“Writing is 1 percent inspiration, and 99 percent elimination.” ~ Louise Brooks
This is an idea about brevity, so let me be brief.
StockScan is Safal Niveshak’s latest initiative where I will write and share to-the-point, one-page reports on listed Indian companies on a regular basis.
If you have been a reader of Safal Niveshak for long, you must remember how my idea of writing stock analyses has bombed quite a few times. So, I launched StockTalk 1.0, then 2.0, and then 3.0…but none could make it beyond a few weeks or days. If you think that’s due to my incompetence in analyzing stocks, you are right, and I am fine with that thought because you won’t expect much from this new initiative too. 😉
One big reason I never carried on far with my earlier such initiatives was that my business analyses were often construed as stock recommendations, and I found a lot of people acting on the same (and, of course, losing money). In fact, some curse me even now for a few old reports, despite my several warnings that what I wrote was purely entertaining business analysis and not serious stock recommendations.
Anyways, as I have also realized in hindsight, another reason I could not continue with these initiatives for long was that I often found the idea of writing long reports as cumbersome, after having done that for a few years in my job.
So, here comes StockScan, which is inspired by this report that Warren Buffett wrote in 1951 – The Security I Like Best. It was brief, to the point, and thus powerful and interesting.
Only that, through StockScan, I will NOT be writing about businesses I like best but ones that I have been reading about. And in case I write about the ones I like best, I will ensure that you don’t come to find that out. 😉
So, here’s the first StockScan report on V-Mart Retail, a business that I had first written about in the March 2016 special report for subscribers of our Value Investing Almanack newsletter.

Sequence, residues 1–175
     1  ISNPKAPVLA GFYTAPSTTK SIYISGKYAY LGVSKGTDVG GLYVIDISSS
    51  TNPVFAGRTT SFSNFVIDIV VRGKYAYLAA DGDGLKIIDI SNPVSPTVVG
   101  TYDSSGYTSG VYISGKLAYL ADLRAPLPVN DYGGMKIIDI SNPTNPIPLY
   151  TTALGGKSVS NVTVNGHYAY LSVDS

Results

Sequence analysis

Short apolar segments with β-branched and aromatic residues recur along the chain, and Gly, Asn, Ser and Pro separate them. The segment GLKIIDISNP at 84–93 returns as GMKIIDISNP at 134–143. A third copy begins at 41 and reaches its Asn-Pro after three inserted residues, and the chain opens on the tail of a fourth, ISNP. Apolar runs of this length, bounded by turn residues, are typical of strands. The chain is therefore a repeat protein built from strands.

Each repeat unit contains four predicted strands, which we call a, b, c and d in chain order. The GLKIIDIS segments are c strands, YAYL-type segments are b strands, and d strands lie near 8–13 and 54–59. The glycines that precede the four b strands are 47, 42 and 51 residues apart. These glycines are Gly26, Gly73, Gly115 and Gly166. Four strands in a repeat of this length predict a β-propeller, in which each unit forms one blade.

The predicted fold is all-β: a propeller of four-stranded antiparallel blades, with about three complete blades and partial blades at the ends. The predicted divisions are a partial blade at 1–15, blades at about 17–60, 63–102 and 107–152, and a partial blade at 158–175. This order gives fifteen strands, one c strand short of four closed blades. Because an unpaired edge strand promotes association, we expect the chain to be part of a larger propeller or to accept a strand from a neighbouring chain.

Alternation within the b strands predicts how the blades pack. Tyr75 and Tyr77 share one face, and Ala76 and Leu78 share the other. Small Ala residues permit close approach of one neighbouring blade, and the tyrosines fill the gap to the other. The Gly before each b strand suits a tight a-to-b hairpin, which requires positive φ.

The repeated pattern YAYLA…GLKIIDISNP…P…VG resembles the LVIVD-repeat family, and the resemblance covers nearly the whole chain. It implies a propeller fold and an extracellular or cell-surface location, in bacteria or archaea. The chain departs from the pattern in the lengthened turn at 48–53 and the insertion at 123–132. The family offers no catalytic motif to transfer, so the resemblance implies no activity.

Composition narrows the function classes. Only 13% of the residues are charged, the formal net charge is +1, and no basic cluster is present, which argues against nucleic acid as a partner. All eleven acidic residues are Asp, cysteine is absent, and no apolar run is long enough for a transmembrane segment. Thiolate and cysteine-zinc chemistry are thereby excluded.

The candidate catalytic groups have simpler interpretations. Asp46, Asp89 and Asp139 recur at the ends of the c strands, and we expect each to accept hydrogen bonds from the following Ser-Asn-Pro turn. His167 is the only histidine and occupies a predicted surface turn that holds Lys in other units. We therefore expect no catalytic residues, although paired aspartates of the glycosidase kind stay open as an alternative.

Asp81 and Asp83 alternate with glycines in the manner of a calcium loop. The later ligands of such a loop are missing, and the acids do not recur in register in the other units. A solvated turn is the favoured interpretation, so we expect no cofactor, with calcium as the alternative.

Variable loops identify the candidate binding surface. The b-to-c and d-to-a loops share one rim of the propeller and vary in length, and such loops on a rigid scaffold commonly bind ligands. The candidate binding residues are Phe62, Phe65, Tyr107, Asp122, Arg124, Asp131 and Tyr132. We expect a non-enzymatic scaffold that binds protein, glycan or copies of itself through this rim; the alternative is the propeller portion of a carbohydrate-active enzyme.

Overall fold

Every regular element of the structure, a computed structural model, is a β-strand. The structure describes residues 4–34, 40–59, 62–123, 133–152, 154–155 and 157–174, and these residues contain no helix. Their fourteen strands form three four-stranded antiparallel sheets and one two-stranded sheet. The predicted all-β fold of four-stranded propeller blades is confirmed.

Click here, if you cannot read or download the report above.
In all, this one-pager contains my thoughts on these most important points one needs to understand while analyzing any business –
- Business and industry overview
- Key drivers for sales growth and profitability
- Capital allocation track record and balance sheet strength
- Competitive advantages a business may possess
- Management quality
- Key risks the business faces
My experience suggests that trying to find out a lot of extra information about a business beyond what is mentioned above has the risk of leading you to just one thing – illusion of control, because you think you know a lot.
So, this is my effort to get myself over that illusion by eliminating the extras and focusing on just the most important things.
And as always, please don’t believe what I say or write here. You may regret later.
Statutory Warning: This is NOT an investment advice to buy or sell shares. Make your own decision. I do not own the stock, but my analysis may be biased, and wrong. I, Vishal Khandelwal, am a registered Research Analyst as per SEBI (Research Analyst) Regulations, 2014 (Registration No. INH000000578).